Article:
Applications must be submitted electronically at www.Grants.gov. Electronic applications will be considered as having met the deadline if the application has been successfully made available to CDC for processing from Grants.gov on the deadline date. The application package can be downloaded from www.Grants.gov. Applicants can complete the application package off-line, and then upload and submit the application via the Grants.gov Web site. The applicant must submit all application attachments using a PDF file format when submitting via Grants.gov. Directions for creating PDF files can be found on the Grants.gov Web site. Use of file formats other than PDF may result in the file being unreadable by staff.



Applications submitted through Grants.gov (http://www.grants.gov), are electronically time/date stamped and assigned a tracking number. The AOR will receive an e-mail notice of receipt when Grants.gov receives the application. The tracking number serves to document submission and initiate the electronic validation process before the application is made available to CDC for processing.



If the applicant encounters technical difficulties with Grants.gov, the applicant should contact Grants.gov Customer Service. The Grants.gov Contact Center is available 24 hours a day, 7 days a week, with the exception of all Federal Holidays. The Contact Center provides customer service to the applicant community. The extended hours will provide applicants support around the clock, ensuring the best possible customer service is received any time it’s needed. You can reach the Grants.gov Support Center at 1-800-518-4726 or by email at support@grants.gov. Submissions sent by e-mail, fax, CD’s or thumb drives of applications will not be accepted.



Organizations that encounter technical difficulties in using www.Grants.gov to submit their application must attempt to overcome those difficulties by contacting the Grants.gov Support Center (1-800-518-4726, support@grants.gov). After consulting with the Grants.gov Support Center, if the technical difficulties remain unresolved and electronic submission is not possible to meet the established deadline, organizations may submit a request prior to the application deadline by email to the GMO/GMS [See Section VII “Agency Contacts”], for permission to submit a paper application. An organization's request for permission must: (a) include the Grants.gov case number assigned to the inquiry, (b) describe the difficulties that prevented electronic submission and the efforts taken with the Grants.gov Support Center (c) be submitted to the GMO/GMS at least 3 calendar days prior to the application deadline. Paper applications submitted without prior approval will not be considered.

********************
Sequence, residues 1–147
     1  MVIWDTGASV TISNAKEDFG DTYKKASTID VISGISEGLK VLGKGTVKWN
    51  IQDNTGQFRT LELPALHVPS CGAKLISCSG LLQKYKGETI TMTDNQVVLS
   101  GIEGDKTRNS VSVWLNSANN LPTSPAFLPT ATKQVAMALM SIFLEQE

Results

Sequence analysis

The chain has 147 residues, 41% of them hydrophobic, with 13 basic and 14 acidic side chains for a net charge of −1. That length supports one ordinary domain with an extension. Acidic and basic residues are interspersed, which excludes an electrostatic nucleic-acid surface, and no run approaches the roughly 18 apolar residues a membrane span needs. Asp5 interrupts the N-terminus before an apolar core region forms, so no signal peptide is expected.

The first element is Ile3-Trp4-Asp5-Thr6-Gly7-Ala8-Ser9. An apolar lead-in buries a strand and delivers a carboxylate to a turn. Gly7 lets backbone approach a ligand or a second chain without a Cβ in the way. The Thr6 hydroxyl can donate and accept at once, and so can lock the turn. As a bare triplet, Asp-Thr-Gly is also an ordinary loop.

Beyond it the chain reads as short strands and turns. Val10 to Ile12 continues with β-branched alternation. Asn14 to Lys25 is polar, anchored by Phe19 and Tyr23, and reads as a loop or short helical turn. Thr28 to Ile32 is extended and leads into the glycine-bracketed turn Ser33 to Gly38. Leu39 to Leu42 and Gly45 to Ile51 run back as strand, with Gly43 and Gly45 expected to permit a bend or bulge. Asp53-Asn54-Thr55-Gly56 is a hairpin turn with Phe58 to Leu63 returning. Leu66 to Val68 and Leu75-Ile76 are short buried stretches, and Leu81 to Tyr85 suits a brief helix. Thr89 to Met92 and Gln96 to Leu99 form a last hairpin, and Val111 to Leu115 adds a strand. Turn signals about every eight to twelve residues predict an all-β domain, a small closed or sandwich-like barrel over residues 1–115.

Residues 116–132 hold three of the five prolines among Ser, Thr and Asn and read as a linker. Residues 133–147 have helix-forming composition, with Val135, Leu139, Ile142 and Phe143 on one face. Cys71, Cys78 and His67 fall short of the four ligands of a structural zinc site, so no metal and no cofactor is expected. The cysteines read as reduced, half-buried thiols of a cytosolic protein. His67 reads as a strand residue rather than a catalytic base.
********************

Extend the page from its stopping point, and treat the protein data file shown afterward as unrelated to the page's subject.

If a paper application is authorized, the applicant will receive instructions from PGO TIMS to submit the original and two hard copies of the application by mail or express delivery service.



Intergovernmental Review



Executive Order 12372 does not apply to this program.





V. Application Review Information


Eligible applicants are required to provide measures of effectiveness that will demonstrate the accomplishment of the various identified objectives of the CDC-RFA-CK12-1208. Measures of effectiveness must relate to the performance goals stated in the “Purpose” section of this announcement. Measures of effectiveness must be objective, quantitative and measure the intended outcome of the proposed program. The measures of effectiveness must be included in the application and will be an element of the evaluation of the submitted application.



Criteria



Eligible applications will be evaluated against the following criteria:



1. Plan (30 points)

The extent to which the applicant presents a detailed operational plan for continuing and conducting the project and which clearly and appropriately addresses all recipient activities. Extent to which the applicant demonstrates existing collaborations with a network of neuropathologists and general pathologists in the United States and experience in testing brain tissues from a substantial number of clinically suspected or diagnosed cases of CJD in the United States in multiple years.



2. Objectives (10 points)

The extent to which the applicant describes specific objectives for the continuation of the project which are consistent with the purpose of this program and which are measurable and time-phased.